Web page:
The Oxford Kafka Research Centre aims to advance and co-ordinate research on Franz Kafka, and more generally on German-language and especially German-Jewish literature and culture in the period of Modernism. The Centre is also the home of the John-Fell funded ‘Kafka Global’ Project which marks the centenary of Kafka’s death in 2024 with a major exhibition at Oxford’s Weston Library and an ambitious academic and cultural programme.
Many Kafka scholars visit Oxford in order to study the large collection of Kafka manuscripts housed in the Bodleian Library. They were placed there in 1961 by the late Malcolm Pasley of Magdalen College, a pre-eminent Kafka scholar, with the agreement of Kafka’s nieces, their legal owners. The manuscripts served as the basis for the Critical Edition of Kafka (published by S. Fischer Verlag), in which Malcolm Pasley played a leading role, and for the facsimile edition now being produced by the Stroemfeld/Roter Stern Verlag.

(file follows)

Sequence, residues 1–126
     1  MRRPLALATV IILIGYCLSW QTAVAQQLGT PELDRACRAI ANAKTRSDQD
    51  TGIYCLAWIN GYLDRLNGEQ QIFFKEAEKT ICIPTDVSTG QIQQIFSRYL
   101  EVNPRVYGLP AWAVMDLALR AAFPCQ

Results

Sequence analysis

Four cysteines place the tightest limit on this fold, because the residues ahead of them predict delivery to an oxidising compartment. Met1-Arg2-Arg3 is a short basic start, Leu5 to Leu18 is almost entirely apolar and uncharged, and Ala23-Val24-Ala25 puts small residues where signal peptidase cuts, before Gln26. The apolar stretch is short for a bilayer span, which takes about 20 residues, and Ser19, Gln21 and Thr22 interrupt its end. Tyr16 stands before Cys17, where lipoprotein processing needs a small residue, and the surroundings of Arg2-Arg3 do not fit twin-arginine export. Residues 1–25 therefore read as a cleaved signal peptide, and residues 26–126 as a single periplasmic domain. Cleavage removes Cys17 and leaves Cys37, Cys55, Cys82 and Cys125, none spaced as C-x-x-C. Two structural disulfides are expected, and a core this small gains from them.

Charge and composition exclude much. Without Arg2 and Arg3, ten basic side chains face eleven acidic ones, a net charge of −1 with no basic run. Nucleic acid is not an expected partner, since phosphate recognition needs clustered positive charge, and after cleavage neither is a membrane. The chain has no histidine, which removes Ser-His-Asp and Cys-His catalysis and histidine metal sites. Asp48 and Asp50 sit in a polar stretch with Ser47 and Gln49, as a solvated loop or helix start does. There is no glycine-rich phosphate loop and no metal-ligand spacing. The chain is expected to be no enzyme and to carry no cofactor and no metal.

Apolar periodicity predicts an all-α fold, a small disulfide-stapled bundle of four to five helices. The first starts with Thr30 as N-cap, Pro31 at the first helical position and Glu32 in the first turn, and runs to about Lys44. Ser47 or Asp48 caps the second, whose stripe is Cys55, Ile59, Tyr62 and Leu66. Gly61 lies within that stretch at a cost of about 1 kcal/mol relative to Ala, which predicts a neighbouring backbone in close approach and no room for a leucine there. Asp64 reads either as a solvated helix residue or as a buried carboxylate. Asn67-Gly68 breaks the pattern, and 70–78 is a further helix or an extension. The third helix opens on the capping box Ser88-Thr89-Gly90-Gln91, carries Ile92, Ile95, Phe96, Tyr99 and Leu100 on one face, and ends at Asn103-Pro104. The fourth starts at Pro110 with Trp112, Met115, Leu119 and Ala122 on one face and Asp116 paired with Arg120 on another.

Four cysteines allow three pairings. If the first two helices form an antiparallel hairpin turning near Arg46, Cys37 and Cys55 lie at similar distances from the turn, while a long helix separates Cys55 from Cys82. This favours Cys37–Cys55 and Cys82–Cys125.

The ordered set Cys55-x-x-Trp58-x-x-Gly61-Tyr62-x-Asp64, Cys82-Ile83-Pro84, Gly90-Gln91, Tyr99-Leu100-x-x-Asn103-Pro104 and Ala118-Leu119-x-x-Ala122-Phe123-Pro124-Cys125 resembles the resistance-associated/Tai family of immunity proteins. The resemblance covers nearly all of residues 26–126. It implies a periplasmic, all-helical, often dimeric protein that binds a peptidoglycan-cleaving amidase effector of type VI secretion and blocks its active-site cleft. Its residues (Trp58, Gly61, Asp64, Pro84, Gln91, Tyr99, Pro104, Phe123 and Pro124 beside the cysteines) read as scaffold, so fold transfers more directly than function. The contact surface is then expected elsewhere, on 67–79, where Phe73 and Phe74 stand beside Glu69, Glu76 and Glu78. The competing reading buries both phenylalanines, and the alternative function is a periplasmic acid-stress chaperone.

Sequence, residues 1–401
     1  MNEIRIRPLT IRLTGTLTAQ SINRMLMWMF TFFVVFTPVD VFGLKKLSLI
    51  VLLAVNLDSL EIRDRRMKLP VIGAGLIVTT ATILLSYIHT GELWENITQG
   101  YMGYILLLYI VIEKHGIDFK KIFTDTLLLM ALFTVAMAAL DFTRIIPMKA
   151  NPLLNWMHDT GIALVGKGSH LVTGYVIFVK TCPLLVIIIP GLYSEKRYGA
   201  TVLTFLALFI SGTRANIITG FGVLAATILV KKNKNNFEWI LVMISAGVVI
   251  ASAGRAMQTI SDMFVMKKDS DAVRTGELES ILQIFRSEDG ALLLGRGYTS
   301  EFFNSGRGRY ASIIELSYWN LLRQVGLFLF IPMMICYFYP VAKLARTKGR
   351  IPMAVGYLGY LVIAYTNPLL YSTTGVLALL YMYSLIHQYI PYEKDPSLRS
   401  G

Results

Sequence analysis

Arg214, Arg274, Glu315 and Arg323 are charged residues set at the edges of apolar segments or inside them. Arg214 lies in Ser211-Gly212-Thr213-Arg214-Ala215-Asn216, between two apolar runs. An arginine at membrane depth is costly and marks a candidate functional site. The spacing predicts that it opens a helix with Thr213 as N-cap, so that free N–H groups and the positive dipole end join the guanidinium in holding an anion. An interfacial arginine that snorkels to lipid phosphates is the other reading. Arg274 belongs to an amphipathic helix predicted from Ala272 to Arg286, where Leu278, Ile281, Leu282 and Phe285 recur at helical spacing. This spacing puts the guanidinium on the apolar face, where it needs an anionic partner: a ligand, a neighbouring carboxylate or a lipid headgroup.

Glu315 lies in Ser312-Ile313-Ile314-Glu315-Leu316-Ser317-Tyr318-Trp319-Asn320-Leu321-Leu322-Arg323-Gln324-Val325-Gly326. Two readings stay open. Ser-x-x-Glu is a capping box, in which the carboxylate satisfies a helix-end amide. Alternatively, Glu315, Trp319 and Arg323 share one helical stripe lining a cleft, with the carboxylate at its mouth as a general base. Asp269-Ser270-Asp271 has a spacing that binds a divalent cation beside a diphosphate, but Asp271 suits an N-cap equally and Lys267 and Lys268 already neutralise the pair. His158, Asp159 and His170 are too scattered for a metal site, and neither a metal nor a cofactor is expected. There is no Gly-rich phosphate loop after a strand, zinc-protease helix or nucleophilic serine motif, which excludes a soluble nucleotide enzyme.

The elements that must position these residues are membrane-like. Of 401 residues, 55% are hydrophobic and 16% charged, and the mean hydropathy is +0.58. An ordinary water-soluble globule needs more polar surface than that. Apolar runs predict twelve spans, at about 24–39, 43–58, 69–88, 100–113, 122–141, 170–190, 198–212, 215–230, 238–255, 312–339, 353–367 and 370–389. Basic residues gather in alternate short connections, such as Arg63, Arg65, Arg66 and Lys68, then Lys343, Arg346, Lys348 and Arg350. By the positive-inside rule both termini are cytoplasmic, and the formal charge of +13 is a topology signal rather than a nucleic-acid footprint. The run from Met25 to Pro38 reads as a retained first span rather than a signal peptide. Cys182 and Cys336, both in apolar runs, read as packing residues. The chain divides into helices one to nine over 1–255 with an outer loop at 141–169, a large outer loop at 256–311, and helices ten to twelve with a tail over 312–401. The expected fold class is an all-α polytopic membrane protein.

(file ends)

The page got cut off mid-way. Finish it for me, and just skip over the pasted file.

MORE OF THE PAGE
The centenary of Kafka’s death in 2024 provides a unique opportunity for Oxford to showcase its role as custodian of Kafka’s manuscript and his global legacy. The centenary will be marked by a major exhibition at the Weston Library, ‘Kafka Global’, which in turn will be accompanied by an ambitious academic and cultural programme. Organised by the Oxford Kafka Research Centre in collaboration with the German Literary Archive Marbach and the National Library of Israel, ‘Kafka Global’ will define Kafka studies for the next generation.
Besides promoting the study of Kafka’s manuscripts and his global legacy, the Research Centre aims to serve the whole spectrum of Kafka studies, ranging from biographical and historical research via literary and cultural studies to methodological and theoretical inquiries. It particularly aims to encourage interdisciplinary and intermedial approaches.
The Centre was founded by Manfred Engel and Ritchie Robertson in 2008 with the help of a grant from the John Fell Fund, and is now jointly led by Carolin Duttlinger, Katrin Kohl, Barry Murnane, and Ritchie Robertson. Since its foundation it has hosted many international conferences on topics ranging from ‘Translating Kafka’ to ‘Kafka – Religion – Modernity’; has hosted several visiting scholars; and has laid the foundation for many ground-breaking publications, including multiple edited collections of essays.